Europe is a continent located in the Northern Hemisphere and in the Eastern Hemisphere. It is bordered by the Arctic Ocean to the north, the Atlantic Ocean to the west and the Mediterranean Sea to the south, it comprises the westernmost part of Eurasia. Since around 1850, Europe is most considered to be separated from Asia by the watershed divides of the Ural and Caucasus Mountains, the Ural River, the Caspian and Black Seas and the waterways of the Turkish Straits. Although the term "continent" implies physical geography, the land border is somewhat arbitrary and has been redefined several times since its first conception in classical antiquity; the division of Eurasia into two continents reflects East-West cultural and ethnic differences which vary on a spectrum rather than with a sharp dividing line. The geographic border does not follow political boundaries, with Turkey and Kazakhstan being transcontinental countries. A strict application of the Caucasus Mountains boundary places two comparatively small countries and Georgia, in both continents.
Europe covers 2 % of the Earth's surface. Politically, Europe is divided into about fifty sovereign states of which the Russian Federation is the largest and most populous, spanning 39% of the continent and comprising 15% of its population. Europe had a total population of about 741 million as of 2016; the European climate is affected by warm Atlantic currents that temper winters and summers on much of the continent at latitudes along which the climate in Asia and North America is severe. Further from the sea, seasonal differences are more noticeable than close to the coast. Europe, in particular ancient Greece, was the birthplace of Western civilization; the fall of the Western Roman Empire in 476 AD and the subsequent Migration Period marked the end of ancient history and the beginning of the Middle Ages. Renaissance humanism, exploration and science led to the modern era. Since the Age of Discovery started by Portugal and Spain, Europe played a predominant role in global affairs. Between the 16th and 20th centuries, European powers controlled at various times the Americas all of Africa and Oceania and the majority of Asia.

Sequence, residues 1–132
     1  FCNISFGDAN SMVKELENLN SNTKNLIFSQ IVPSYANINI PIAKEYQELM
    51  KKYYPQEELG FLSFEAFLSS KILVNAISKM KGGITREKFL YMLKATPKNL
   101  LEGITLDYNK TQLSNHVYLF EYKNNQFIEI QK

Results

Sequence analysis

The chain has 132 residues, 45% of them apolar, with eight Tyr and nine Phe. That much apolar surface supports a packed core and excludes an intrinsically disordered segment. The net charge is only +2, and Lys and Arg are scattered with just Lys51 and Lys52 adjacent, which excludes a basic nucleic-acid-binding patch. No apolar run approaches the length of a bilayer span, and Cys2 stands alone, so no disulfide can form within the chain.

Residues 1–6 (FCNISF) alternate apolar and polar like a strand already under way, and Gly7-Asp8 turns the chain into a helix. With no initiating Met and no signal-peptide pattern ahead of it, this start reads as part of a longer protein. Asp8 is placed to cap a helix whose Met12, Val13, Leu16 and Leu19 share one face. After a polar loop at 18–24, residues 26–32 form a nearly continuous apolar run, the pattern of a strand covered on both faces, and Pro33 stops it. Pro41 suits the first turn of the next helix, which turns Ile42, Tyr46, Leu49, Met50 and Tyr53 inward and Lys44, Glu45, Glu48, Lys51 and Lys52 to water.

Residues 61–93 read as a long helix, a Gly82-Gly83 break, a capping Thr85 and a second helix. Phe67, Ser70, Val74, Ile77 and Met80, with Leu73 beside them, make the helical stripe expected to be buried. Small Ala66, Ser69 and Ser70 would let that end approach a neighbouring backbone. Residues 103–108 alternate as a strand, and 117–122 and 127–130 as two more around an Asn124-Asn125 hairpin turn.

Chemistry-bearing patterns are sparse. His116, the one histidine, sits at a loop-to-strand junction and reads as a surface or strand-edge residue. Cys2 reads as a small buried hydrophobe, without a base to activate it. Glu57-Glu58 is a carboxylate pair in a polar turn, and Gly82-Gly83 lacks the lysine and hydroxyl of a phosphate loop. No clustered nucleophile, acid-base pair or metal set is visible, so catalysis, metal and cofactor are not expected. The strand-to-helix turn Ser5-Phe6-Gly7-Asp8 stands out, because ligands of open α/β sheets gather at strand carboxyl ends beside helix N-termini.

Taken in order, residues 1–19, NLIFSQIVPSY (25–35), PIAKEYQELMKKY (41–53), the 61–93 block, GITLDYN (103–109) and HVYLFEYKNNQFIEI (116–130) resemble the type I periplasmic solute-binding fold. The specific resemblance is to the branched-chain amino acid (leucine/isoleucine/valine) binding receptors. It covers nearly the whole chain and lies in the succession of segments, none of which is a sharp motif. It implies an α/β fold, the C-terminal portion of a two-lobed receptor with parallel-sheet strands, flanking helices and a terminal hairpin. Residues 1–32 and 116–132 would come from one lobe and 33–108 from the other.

The Age of Enlightenment, the subsequent French Revolution and the Napoleonic Wars shaped the continent culturally and economically from the end of the 17th century until the first half of the 19th century. The Industrial Revolution, which began in Great Britain at the end of the 18th century, gave rise to radical economic and social change in Western Europe and the wider world. Both world wars took place for the most part in Europe, contributing to a decline in Western European dominance in world affairs by the mid-20th century as the Soviet Union and the United States took prominence. During the Cold War, Europe was divided along the Iron Curtain between NATO in the West and the Warsaw Pact in the East, until the revolutions of 1989 and fall of the Berlin Wall. In 1949 the Council of Europe was founded, following a speech by Sir Winston Churchill, with the idea of unifying Europe to achieve common goals, it includes all European states except for Belarus and Vatican City. Further European integration by some states led to the formation of the European Union, a separate political entity that lies between a confederation and a federation.
The EU originated in Western Europe but has been expanding eastward since the fall of the Soviet Union in 1991. The currency of most countries of the European Union, the euro, is the most used among Europeans. In classical Greek mythology, Europa was a Phoenician princess; the word Europe is derived from her name. The name contains the elements εὐρύς, "wide, broad" and ὤψ "eye, countenance", hence their composite Eurṓpē would mean "wide-gazing" or "broad of aspect". Broad has been an epithet of Earth herself in the reconstructed Proto-Indo-European religion and the poetry devoted to it. There have been attempts to connect Eurṓpē to a Semitic term for "west", this being either Akkadian erebu meaning "to go down, set" or Phoenician'ereb "evening, west", at the origin of Arabic Maghreb and Hebrew ma'arav. Michael A. Barry, professor in Princeton University's Near Eastern Studies Department, finds the mention of the word Ereb on an Assyrian stele with the meaning of "night, sunset", in opposition to Asu " sunrise", i.e. Asia.
The same naming motive according to "cartographic convention" appears in Greek Ἀνατολή. Martin Litchfield West stated that "phonologically, the match between Europa's name and any form of the Semitic word is poor." Next to these hypotheses there is a Proto-Indo-European root *h1regʷos, meaning "darkness", which produced Greek Erebus. Most major world languages use words derived from Europa to refer to the continent. Chinese, for example, uses the word Ōuzhōu. In some Turkic languages the Persian name Frangistan is used casually in referring to much of Europe, besides official names such as Avrupa or Evropa; the prevalent definition of Europe as a geographical term has been in use since the mid-19th century. Europe is taken to be bounded by large bodies of water